- A UPJO is an obstruction or blockage where the kidney and ureter meet.
- When urine cannot drain from the kidney fast enough, it backs up in the kidney.
- UPJO can be treated with a surgery called pyeloplasty. A thin tube called a stent may be placed in the ureter for several weeks to help with healing.
- Antibiotics may be prescribed to prevent a urinary tract infection (UTI) from the stent, but this study found they are not necessary for most children.
For health professionals
- The overall incidence of stent UTI after pyeloplasty is low.
- Antibiotic prophylaxis before pyeloplasty has not been found to decrease the risk of stent UTIs.
- Antibiotic prophylaxis should be reserved for patients with multiple UTI risk factors.
- #1 cause of prenatal hydronephrosis is ureteropelvic junction obstruction (UPJO)
- 1 in 500 newborns screened by ultrasound have UPJO
- 7.59% of patients in the study had stent UTI
Background: the need for antibiotic prophylaxis to prevent urinary tract infections after pyeloplasties are unclear
Ureteropelvic junction obstruction (UPJO) occurs in about 1 in 500 children screened with an antenatal ultrasound. It accounts for about two-thirds of all cases of prenatal hydronephrosis. Surgical correction of UPJO by pyeloplasty can be open or laparoscopic and typically involves placing a temporary stent to ensure adequate drainage and tissue healing.
The reported incidence of postoperative urinary tract infections (UTIs) after pyeloplasty ranges from 2 percent to 15 percent. Clinically insignificant stent biofilms may form on 28 percent to 90 percent of stents. Clear evidence-based guidelines are not available to guide decision-making on whether to prescribe prophylactic antibiotics before stent placement. Two small, single-institution retrospective studies found no significant benefit to prophylactic antibiotic use after pyeloplasty in children.
Children's Hospital Colorado pediatric urology researchers were part of a multi-institution group that reviewed patient records to determine if antibiotic prophylaxis during ureteral stent catheterization decreased the number of stent UTIs.
Methods: comparing outcomes after antibiotic prophylaxis post-pyeloplasty versus no antibiotics
Study authors received records of patients from seven U.S. institutions under age 22 who underwent UPJO and had an internal ureteral stent placed between January 2010 and July 2018.
Data collected included:
- Age at surgery
- under age 4 years (assume diaper use)
- over age 4 years (assume no diaper use)
- Surgical approach
- Prophylactic antibiotic use
- Stent duration
- Foley catheter duration
- Urine culture results
- stent removal
The primary outcome tested was the incidence of stent UTI defined by:
- Urinary symptoms
- Positive urine culture
- while the stent is in place
- at the time of stent removal
Results: comparing the use of antibiotic prophylaxis for pyeloplasty versus no antibiotic prophylaxis
- 338 (50.3%) received antibiotic prophylaxis
- 3.91 years mean age
- 212 (62.7%) likely used diapers
- 180 (53.25) underwent open pyeloplasty
- 102 (30.18%) females
- 38.5 days mean stent duration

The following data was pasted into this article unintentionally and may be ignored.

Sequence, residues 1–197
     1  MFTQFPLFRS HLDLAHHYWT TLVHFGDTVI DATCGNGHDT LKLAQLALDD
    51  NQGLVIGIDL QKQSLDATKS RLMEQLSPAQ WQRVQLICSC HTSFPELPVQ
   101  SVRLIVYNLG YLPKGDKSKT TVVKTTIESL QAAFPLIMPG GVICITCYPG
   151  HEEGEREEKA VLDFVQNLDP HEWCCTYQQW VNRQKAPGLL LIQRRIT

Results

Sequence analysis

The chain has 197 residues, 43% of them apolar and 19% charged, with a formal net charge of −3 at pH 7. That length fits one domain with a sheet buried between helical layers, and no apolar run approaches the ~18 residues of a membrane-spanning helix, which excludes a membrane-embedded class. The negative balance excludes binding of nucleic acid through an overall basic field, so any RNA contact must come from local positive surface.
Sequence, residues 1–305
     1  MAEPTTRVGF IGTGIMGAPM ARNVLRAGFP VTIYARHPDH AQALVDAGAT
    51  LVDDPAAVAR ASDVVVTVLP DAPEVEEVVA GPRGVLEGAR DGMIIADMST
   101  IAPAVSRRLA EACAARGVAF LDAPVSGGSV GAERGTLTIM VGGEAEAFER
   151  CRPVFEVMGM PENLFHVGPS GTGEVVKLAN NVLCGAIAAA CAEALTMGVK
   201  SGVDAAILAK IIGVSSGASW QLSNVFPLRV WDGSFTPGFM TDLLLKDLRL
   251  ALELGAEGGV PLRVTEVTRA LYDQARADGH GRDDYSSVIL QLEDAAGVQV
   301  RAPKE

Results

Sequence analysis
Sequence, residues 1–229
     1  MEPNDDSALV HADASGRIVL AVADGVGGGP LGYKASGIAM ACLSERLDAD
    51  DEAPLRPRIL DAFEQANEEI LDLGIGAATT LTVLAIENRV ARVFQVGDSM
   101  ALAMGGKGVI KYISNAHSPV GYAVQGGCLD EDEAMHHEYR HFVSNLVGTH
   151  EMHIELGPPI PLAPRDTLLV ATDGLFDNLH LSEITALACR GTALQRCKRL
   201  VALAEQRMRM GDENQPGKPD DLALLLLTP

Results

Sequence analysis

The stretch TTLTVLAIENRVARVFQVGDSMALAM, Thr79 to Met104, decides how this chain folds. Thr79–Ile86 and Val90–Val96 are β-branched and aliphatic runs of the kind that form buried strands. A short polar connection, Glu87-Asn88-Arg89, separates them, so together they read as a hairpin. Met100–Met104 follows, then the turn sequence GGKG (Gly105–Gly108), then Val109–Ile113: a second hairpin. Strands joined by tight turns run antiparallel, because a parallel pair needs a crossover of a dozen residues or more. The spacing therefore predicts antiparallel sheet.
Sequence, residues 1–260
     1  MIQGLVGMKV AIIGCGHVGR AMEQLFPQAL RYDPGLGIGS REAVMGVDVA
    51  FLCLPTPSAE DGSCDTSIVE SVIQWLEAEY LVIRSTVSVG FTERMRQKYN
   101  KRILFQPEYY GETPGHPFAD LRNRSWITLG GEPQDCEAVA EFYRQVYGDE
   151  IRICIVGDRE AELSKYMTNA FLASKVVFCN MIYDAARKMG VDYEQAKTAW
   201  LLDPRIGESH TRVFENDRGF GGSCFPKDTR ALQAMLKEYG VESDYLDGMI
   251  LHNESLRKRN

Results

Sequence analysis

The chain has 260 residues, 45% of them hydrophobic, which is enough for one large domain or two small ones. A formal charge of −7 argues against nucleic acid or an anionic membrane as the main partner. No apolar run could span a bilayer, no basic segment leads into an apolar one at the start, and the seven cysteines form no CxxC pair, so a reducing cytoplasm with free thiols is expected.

- 52/338 (15.4%) had Foley catheter durations longer than two days
- 203/338(60%) received antibiotics during stent removal
- 31/338 (9.17%) had a stent UTI
- 334 (49.7%) no antibiotic prophylaxis
- 6.91 years mean age
- 145 (43.4%) likely used diapers
- 107 (32.04%) underwent open pyeloplasty
- 99 (29.64%) females
- 35.52 days mean stent duration
- 26/334 (7.7%) had Foley catheter durations longer than two days
- 267/334 (79%) received antibiotics during stent removal
- 20/334 (5.99%) had a stent UTI
- 68.65% non-white children received prophylaxis
- 509/672 (75.7%) had ureteral stents removed after four to eight weeks, irrespective of antibiotic use
Overall incidence of stent UTI
- 51 (7.59%) patients in study had stent UTI
- 26 (51%) patients with stent UTIs were female
- 12.9% of females in study had stent UTI
- 5.3% of males in study had stent UTI
- Mean age distribution
- 3.46 years, stent UTI
- 5.56 years, no stent UTI
- Diaper usage
- 10.64% likely using diapers
- 4.13% not likely using diapers
- Positive intraoperative urine culture
- 40% had stent UTI
- 7.12% no stent UTI
- Foley catheter not significantly associated with a stent UTI
- Ureteral stent duration is not significantly associated with a stent UTI
Discussion: prophylactic antibiotics not beneficial to patients after pyeloplasty
Approximately 67 percent of pediatric urologists prescribe prophylactic antibiotics following pyeloplasty without clear patient benefit. In this study, the overall rate of stent UTI was 7.59 percent, including 9.17 percent of children who received antibiotics and 5.99 percent of children who did not. Antibiotic prophylaxis did not reduce the rate of stent UTIs.
Antibiotic prophylaxis did not reduce the risk of stent UTI in these cases.
Factors increasing the percentage of patients receiving antibiotic prophylaxis:
- Younger age
- Diaper use
- Black race
- Open pyeloplasty
Factors not associated with an increase in stent UTIs:
- Surgical approach
- Stent duration, most removed within four to eight weeks
- Foley catheter duration, most removed on postoperative day one
Conclusion: Prophylactic antibiotics did not reduce the risk of stent UTIs
This is the largest known multi-institutional study of the utility of prophylactic antibiotics after pyeloplasty with ureteral stent insertion. The incidence of stent UTIs in the study population was 7.59 percent. The use of prophylactic antibiotics did not reduce the rate of stent UTI even after controlling for risk factors such as female sex, the use of diapers and a positive intraoperative urine culture. Excessive use of antibiotics exposes patients to unnecessary side effects and complications.